"The best way to write is to let the image pull you. You should be water-skiing behind it, not dragging it like a barge. Writing should take you for a ride.”
There's this place called the Omega Center in Rhinebeck New York that is a cool collective for "awakening the best in the human spirit." I got this postcard in the mail and read it quick, wondering if they might, perhaps, one day, hire me to teach a class... one day. And I was looking at the writing courses and the teachers and they have great writers- Marge Piercy, poets Billy Collins, Patricia Smith, and Mark Doty and, be still my heart: LYNDA BARRY.
Now, you might not know who Lynda Barry is but you should Google the crap out of her and find out because she will blow your mind. Ernie Pook's Comeek was a regular comic strip in the Chicago Reader and when I was a kid- and I mean, like, 12. I'd get my pre-teen self downtown however I could and come home with fist-fulls of Readers. I loved the Reader. It made me feel independent, like, I could always think whatever I wanted and no one was ever, really, in the ways that mattered, the boss of me.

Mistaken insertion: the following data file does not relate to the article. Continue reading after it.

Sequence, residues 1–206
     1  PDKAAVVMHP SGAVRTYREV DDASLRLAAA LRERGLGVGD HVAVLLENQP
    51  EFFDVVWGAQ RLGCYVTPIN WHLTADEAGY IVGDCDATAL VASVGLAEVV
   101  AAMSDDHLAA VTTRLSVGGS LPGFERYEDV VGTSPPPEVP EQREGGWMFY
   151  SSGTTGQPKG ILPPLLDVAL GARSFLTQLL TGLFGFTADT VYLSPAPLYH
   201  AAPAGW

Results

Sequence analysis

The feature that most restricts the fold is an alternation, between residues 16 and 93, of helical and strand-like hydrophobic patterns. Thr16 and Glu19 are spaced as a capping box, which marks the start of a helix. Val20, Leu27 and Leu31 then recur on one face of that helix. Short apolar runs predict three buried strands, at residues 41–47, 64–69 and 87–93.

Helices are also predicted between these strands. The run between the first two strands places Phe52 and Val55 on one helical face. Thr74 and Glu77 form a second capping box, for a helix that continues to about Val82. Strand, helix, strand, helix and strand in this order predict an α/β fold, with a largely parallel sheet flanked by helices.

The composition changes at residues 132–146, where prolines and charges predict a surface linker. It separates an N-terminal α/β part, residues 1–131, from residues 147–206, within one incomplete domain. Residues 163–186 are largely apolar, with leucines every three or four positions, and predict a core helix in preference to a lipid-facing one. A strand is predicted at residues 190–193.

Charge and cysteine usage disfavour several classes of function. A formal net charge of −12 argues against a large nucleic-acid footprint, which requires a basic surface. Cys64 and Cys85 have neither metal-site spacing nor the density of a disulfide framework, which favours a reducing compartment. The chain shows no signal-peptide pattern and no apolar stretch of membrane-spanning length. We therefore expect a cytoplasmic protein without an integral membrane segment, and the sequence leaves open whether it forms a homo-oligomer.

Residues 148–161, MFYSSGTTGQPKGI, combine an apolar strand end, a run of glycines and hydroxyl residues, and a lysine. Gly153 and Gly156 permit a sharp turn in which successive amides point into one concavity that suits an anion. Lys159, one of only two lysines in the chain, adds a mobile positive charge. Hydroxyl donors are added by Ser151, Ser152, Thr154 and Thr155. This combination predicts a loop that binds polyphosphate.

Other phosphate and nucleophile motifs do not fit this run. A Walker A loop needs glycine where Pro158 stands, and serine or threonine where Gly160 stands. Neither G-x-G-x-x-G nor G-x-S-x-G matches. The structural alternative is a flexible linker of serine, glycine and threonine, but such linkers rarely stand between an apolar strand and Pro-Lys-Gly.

I especially loved Lynda Barry's Marlys character in all her freaky, quasi abused, depressing, in your face outsiderness and one night, listening to Prince and Joe Jackson on tape over and over and over again, covered my cassette player radio with my year long collection of Ernie Pook's Comeek from the Reader. Do you know how hard it is to cover a radio with newspaper and packing tape? I carefully taped around the speakers, the play, rewind, record and pause buttons.
It was post-modern mid-eighties awesome. Part Pee-Wee's playhouse, part B-52s, and a lot of Cyndi Lauper and Dead Milkmen. These were the Earth Girls Are Easy years and my art piece was part of the zeitgeist, man. And I think I would pay $200 to have that thing back in my house.
Lynda Barry is a great artist. I'm sure she is a great teacher. God how I love her. And I forgot all about her until I saw this class. Lynda, if you are reading this- I love you.